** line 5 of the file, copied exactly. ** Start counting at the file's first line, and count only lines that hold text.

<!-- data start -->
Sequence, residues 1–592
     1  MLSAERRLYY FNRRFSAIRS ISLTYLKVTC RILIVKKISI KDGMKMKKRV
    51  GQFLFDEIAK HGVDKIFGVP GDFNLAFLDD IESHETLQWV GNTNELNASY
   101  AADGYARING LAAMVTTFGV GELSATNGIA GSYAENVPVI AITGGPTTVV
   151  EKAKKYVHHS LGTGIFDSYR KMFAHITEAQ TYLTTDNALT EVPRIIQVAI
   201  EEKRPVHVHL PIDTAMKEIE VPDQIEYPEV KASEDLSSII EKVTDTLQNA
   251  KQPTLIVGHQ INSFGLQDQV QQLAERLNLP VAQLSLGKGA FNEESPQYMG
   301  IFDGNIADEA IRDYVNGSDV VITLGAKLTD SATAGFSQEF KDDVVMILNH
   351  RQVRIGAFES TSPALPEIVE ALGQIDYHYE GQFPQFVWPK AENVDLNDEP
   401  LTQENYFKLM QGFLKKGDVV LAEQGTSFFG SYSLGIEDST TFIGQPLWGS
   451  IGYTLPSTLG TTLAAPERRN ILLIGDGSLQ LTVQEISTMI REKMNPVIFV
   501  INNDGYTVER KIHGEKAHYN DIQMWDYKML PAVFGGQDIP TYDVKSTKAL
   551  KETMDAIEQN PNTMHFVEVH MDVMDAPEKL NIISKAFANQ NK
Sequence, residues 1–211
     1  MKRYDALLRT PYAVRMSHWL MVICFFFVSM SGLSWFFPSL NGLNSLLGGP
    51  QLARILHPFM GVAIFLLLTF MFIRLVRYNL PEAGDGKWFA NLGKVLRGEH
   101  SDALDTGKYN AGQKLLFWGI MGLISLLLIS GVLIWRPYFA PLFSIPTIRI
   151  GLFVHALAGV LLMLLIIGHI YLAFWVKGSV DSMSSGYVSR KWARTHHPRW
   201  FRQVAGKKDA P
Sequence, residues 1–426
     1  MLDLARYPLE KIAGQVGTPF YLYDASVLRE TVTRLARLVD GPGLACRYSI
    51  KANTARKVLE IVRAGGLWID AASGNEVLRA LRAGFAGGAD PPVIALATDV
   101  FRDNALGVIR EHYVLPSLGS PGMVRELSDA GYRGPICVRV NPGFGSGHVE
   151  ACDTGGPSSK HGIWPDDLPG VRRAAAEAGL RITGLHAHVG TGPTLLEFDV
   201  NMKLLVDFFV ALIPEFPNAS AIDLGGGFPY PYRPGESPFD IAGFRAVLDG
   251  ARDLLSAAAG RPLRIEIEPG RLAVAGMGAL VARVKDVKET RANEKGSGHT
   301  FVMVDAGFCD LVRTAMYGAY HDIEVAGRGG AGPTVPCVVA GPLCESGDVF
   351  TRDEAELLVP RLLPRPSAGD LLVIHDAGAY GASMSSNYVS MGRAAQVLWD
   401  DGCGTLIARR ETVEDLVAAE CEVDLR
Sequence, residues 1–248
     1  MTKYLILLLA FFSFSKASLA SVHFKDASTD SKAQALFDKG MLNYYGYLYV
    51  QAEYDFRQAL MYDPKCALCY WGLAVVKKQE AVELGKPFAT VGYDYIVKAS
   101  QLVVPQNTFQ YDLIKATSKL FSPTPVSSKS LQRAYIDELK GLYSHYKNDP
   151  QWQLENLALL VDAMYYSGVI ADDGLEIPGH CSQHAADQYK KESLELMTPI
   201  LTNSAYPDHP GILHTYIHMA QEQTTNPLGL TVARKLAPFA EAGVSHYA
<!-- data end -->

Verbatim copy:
   151  EKAKKYVHHS LGTGIFDSYR KMFAHITEAQ TYLTTDNALT EVPRIIQVAI